Peter Hujar (American, 1934-1987)
From Rockefeller Center: The Equitable Building
1976
Tirage gélatino-argentique
The Morgan Library & Museum, achat en 2013 grâce au Charina Endowment Fund
© Peter Hujar Archive, LLC, courtesy Pace/MacGill Gallery, New York and Fraenkel Gallery, San Francisco

 

Peter Hujar (American, 1934-1987) 'Reclining Nude on Couch' 1978

 

Peter Hujar (American, 1934-1987)
Reclining Nude on Couch
1978
Tirage gélatino-argentique
The Morgan Library & Museum, achat en 2013 grâce au Charina Endowment Fund
© Peter Hujar Archive, LLC, courtesy Pace/MacGill Gallery, New York and Fraenkel Gallery, San Francisco

 

Peter Hujar (American, 1934-1987) 'Boy on Raft' 1978

 

Peter Hujar (American, 1934-1987)
Boy on Raft
1978
Tirage gélatino-argentique
The Morgan Library & Museum, achat en 2013 grâce au Charina Endowment Fund
© Peter Hujar Archive, LLC, courtesy Pace/MacGill Gallery, New York and Fraenkel Gallery, San Francisco

 

Peter Hujar (American, 1934-1987) 'Surf (2)' Nd

 

Peter Hujar (American, 1934-1987)
Surf (2)
Nd
Tirage gélatino-argentique
The Morgan Library & Museum, achat en 2013 grâce au Charina Endowment Fund
© Peter Hujar Archive, LLC, courtesy Pace/MacGill Gallery, New York and Fraenkel Gallery, San Francisco

 

Peter Hujar (American, 1934-1987) 'Boys in Car, Halloween' 1978

 

Peter Hujar (American, 1934-1987)
Boys in Car, Halloween
1978
Tirage gélatino-argentique
The Morgan Library & Museum, achat en 2013 grâce au Charina Endowment Fund
© Peter Hujar Archive, LLC, courtesy Pace/MacGill Gallery, New York and Fraenkel Gallery, San Francisco

 

Peter Hujar (American, 1934-1987) 'Dana Reitz's Legs, Walking' 1979

 

Peter Hujar (American, 1934-1987)
Dana Reitz’s Legs, Walking
1979
Tirage gélatino-argentique
The Morgan Library & Museum, achat en 2013 grâce au Charina Endowment Fund
© Peter Hujar Archive, LLC, courtesy Pace/MacGill Gallery, New York and Fraenkel Gallery, San Francisco

 

Installation view of the exhibition 'Peter Hujar: Speed of Life' at Jeu de Paume, Paris

 

Peter Hujar (American, 1934-1987)
Dana Reitz’s Legs, Walking (installation view)
1979
Tirage gélatino-argentique
The Morgan Library & Museum, achat en 2013 grâce au Charina Endowment Fund
© Peter Hujar Archive, LLC, courtesy Pace/MacGill Gallery, New York and Fraenkel Gallery, San Francisco

 

Peter Hujar (American, 1934-1987) 'Gary in Contortion (2)' 1979

 

Peter Hujar (American, 1934-1987)
Gary in Contortion (2)
1979
Tirage gélatino-argentique
The Morgan Library & Museum, achat en 2013 grâce au Charina Endowment Fund
© Peter Hujar Archive, LLC, courtesy Pace/MacGill Gallery, New York and Fraenkel Gallery, San Francisco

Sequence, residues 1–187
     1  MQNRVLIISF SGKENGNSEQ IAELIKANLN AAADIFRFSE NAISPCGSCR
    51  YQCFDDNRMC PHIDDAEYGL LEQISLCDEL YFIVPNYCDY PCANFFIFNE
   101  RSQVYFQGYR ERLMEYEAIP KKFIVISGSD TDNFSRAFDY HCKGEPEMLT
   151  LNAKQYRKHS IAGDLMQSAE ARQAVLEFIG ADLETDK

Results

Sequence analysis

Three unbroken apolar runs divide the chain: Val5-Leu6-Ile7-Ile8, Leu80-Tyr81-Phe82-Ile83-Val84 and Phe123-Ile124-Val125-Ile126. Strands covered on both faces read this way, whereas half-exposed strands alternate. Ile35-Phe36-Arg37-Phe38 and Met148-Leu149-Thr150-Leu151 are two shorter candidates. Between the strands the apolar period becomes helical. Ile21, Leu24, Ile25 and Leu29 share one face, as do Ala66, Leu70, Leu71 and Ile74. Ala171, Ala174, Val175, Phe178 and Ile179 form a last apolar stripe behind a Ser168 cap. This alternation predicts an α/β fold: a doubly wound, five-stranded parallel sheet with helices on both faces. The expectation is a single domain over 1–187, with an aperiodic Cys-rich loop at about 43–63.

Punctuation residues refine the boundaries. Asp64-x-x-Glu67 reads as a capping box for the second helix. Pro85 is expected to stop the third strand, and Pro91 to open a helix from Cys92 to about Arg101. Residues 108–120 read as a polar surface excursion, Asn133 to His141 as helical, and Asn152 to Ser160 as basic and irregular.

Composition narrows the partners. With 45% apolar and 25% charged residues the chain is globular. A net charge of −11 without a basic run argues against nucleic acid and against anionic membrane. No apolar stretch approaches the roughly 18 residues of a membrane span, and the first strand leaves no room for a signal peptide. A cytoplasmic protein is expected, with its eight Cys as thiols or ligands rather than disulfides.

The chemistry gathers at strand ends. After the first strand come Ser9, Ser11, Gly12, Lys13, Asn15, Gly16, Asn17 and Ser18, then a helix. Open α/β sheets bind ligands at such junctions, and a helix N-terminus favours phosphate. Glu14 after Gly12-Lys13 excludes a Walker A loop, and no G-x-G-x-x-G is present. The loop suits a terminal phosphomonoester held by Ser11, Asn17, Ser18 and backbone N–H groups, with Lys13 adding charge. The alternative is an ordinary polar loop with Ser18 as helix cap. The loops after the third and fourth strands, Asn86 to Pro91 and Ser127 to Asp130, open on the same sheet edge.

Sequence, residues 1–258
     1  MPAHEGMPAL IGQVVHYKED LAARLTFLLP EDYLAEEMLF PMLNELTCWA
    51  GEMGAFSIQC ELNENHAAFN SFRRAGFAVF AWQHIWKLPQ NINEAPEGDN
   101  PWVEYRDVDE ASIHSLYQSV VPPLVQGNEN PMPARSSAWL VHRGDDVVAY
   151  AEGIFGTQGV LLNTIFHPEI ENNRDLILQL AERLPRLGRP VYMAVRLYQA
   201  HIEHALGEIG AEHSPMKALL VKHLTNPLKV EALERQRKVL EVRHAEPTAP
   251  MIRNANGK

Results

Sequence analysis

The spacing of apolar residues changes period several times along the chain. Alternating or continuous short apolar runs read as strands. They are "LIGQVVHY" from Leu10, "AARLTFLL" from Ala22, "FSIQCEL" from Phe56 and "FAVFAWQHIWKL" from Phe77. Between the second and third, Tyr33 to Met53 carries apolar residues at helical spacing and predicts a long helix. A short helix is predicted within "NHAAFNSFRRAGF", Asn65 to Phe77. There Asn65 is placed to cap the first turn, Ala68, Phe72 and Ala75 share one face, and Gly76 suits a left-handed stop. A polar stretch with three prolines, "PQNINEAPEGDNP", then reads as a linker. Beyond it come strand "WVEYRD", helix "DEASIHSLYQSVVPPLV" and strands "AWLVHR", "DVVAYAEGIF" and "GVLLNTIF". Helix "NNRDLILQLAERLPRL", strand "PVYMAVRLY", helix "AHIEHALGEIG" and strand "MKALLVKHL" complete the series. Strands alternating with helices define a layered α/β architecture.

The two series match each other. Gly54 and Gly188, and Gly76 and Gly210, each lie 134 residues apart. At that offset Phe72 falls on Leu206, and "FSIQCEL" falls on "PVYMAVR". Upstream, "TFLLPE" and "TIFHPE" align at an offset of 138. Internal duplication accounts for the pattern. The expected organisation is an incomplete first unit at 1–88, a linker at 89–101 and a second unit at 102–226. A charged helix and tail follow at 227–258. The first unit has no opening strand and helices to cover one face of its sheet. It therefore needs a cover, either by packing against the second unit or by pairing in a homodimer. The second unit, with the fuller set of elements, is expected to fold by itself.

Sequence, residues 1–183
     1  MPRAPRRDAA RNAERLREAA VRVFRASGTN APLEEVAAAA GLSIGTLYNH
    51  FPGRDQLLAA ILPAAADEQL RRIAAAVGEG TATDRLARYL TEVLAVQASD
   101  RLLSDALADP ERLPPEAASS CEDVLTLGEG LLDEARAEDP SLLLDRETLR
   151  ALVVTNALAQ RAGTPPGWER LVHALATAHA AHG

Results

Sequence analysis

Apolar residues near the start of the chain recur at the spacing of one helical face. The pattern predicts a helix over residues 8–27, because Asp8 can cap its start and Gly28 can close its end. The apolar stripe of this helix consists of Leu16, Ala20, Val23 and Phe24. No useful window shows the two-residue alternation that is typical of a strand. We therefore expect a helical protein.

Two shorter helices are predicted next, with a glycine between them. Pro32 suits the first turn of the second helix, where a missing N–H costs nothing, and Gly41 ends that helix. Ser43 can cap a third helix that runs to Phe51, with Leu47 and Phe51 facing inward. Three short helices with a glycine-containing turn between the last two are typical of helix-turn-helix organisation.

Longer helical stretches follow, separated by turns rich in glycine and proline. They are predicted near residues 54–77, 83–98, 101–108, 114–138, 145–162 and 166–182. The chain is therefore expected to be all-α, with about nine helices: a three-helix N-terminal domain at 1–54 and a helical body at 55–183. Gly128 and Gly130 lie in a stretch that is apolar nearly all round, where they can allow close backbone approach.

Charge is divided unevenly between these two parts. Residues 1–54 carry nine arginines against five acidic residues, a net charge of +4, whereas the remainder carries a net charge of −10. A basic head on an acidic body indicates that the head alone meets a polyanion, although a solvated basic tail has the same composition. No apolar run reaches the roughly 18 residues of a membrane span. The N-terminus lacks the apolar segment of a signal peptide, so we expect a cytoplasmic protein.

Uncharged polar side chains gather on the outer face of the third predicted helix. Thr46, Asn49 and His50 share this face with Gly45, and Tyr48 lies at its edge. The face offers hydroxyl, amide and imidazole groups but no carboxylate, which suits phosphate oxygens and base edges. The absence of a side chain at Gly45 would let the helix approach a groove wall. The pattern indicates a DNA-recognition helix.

Peter Hujar (American, 1934-1987) 'David Wojnarowicz Reclining (2)' 1981

 

Peter Hujar (American, 1934-1987)
David Wojnarowicz Reclining (2)
1981
Tirage gélatino-argentique
The Morgan Library & Museum, achat en 2013 grâce au Charina Endowment Fund
© Peter Hujar Archive, LLC, courtesy Pace/MacGill Gallery, New York and Fraenkel Gallery, San Francisco

 

Installation view of the exhibition 'Peter Hujar: Speed of Life' at Jeu de Paume, Paris

 

Peter Hujar (American, 1934-1987)
David Wojnarowicz Reclining (2) (installation view)
1981
Tirage gélatino-argentique
The Morgan Library & Museum, achat en 2013 grâce au Charina Endowment Fund
© Peter Hujar Archive, LLC, courtesy Pace/MacGill Gallery, New York and Fraenkel Gallery, San Francisco

 

 

A hallmark of Hujar’s portraiture is the invisibility of technique – a kind of visual innocence – as if the camera were not present and the subject had been happened upon, discovered there, as Ludlam appears to be, in medias res.

Philip Gefter. “Peter Hujar’s Downtown,” on the NYR Daily website [Online] Cited 01/11/2019

 

Peter Hujar (American, 1934-1987) 'David Wojnarowicz' 1981

 

Peter Hujar (American, 1934-1987)
David Wojnarowicz
1981
Tirage gélatino-argentique
The Morgan Library & Museum, achat en 2013 grâce au Charina Endowment Fund
© Peter Hujar Archive, LLC, courtesy Pace/MacGill Gallery, New York and Fraenkel Gallery, San Francisco

 

Installation view of the exhibition 'Peter Hujar: Speed of Life' at Jeu de Paume, Paris

 

Peter Hujar (American, 1934-1987)
David Wojnarowicz (installation view)
1981
Tirage gélatino-argentique
The Morgan Library & Museum, achat en 2013 grâce au Charina Endowment Fund
© Peter Hujar Archive, LLC, courtesy Pace/MacGill Gallery, New York and Fraenkel Gallery, San Francisco

 

 

“Hermetic appeal and an identification with psychic damage came together in Hujar’s last important relationship, with the meteoric younger artist David Wojnarowicz, who was a ravaged hustler when they met at a bar in late 1980 and who died from AIDS in 1992. They were lovers briefly, then buddies and soul mates. Wojnarowicz said that Hujar “was like the parent I never had, like the brother I never had.” In return, he inspired fresh energies in Hujar’s life and late work. In a breathtakingly intimate portrait of Wojnarowicz with a cigarette and tired eyes, from 1981, the young man’s gaze meets that of the camera, with slightly wary – but willing and plainly reciprocated – devotion: love, in a way. Their story could make for a good novel or movie – as it well may, in sketched outline in your mind, while you navigate this aesthetically fierce, historically informative, strangely tender show.”

Peter Schjeldahl. “The Bohemian Rhapsody of Peer Hujar: Photographs at the crossroads of high art and low life,” on The New Yorker website January 29, 2018 [Online] Cited 01/11/2019